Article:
Both sides were searching for an advantage but both defences stayed dominant with big hits around every corner. Mehrtens and Wilkinson both kicked three-pointers as the defenders were forced to cheat, so maintaining the Kiwis' seven point advantage. Matt Perry almost put Guscott clean away but referee Peter Marshall was correct in adjudging the pass slightly forward. Wilkinson fluffed another long penalty on the stroke of half time.

England's deficit of seven at the interval would have been less had Wilkinson brought his kicking boots and had Richard Cockerill not been responsible for losing the home side three lineouts thanks to his erratic throwing. England had enjoyed the majority of possession but New Zealand had the points on the board.

England suffered some bad luck in the beginning of the second half. Referee Marshall ignored Craig Dowd lurking offside but penalised the home side for using hands in a ruck. Once penalised the English forwards compounded their sin by choosing to argue which cost them ten metres and brought Mehrtens into range. The All Black flyhalf took the gift with thanks.

England, aware perhaps that the game was slipping, then enjoyed a purple patch which resulted in a score. Neil Back made the initial breakthrough. England repeatedly ignored overlaps and took contact instead. When Guscott got hold of the ball his chip through was covered by Justin Marshall under his own posts. Perry, chasing the kick, caught the Kiwi number nine in the head and Phil de Glanville pounced on the loose ball to claim the score. Wilkinson made the simple conversion.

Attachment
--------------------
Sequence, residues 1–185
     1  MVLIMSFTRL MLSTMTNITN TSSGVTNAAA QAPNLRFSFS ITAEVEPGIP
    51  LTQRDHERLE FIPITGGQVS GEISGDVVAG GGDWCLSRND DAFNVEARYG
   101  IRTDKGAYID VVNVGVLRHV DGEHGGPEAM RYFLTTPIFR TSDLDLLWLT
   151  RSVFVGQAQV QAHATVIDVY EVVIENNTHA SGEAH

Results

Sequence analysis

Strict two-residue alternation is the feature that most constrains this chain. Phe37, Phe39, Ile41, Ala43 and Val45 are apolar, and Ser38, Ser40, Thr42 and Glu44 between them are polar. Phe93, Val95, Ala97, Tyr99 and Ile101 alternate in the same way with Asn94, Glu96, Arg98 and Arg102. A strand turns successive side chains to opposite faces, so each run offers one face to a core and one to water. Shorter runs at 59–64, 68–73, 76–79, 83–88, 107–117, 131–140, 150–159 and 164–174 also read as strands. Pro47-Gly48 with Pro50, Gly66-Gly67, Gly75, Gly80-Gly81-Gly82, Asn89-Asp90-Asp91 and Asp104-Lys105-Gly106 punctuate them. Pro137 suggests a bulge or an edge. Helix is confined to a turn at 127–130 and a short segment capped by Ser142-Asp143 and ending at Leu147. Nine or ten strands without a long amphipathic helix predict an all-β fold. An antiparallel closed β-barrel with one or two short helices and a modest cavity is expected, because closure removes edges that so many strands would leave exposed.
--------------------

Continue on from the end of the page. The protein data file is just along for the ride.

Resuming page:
The All Blacks responded but Mehrtens showed rare fallibility when missing from long-range. When England's forwards then stole a ruck ball from the Blacks who were promptly penalised for an illegal attempt to regain it, Wilkinson levelled the scores at 16 apiece with 25 minutes to play.

They were not to enjoy parity for long. New Zealand worked the ball left to Jonah Lomu and the Kiwis' runaway train ran away. Guscott, Healey, Dawson and Luger were unable to prevent him touching down in the left-hand corner. With Mehrtens' inevitable conversion the All Blacks regained their seven point lead.

The match was in the balance and another Kiwi score would kill it dead. De Glanville and Healey made good breaks for England and, at the other end of the field, only Luger's pace again prevented Cullen from scoring from long-range. Wilkinson miss-hit another penalty attempt and the New Zealanders brought on a host of substitutes.

One of these subs broke the stalemate and England's hearts. Healey, acting scrum-half, got caught in his own twenty two by the incomparable Kronfeld. Reserve scrum-half Byron Kelleher scooped up the ball to scamper over in the same spot that Lomu had. Mehrtens extended the lead to 30-16 with ten left on the clock and the game was over as a contest.

Both sides had chances in the last ten but both sides were understandably too exhausted to make them stick.

Clive Woodward will look his players in the eyes in the coming days and he will tell them that they can still win the World Cup the hard way. That they will do it by beating South Africa, by beating Australia and by beating, probably, New Zealand in the final. He will tell them all this, and he will be lying.

Scorers: England 16: Tries: de Glanville; Cons: Wilkinson; Pens: Wilkinson (3) New Zealand 30: Tries: Wilson, Lomu, Kelleher; Cons: Mehrtens (3); Pens: Mehrtens (3)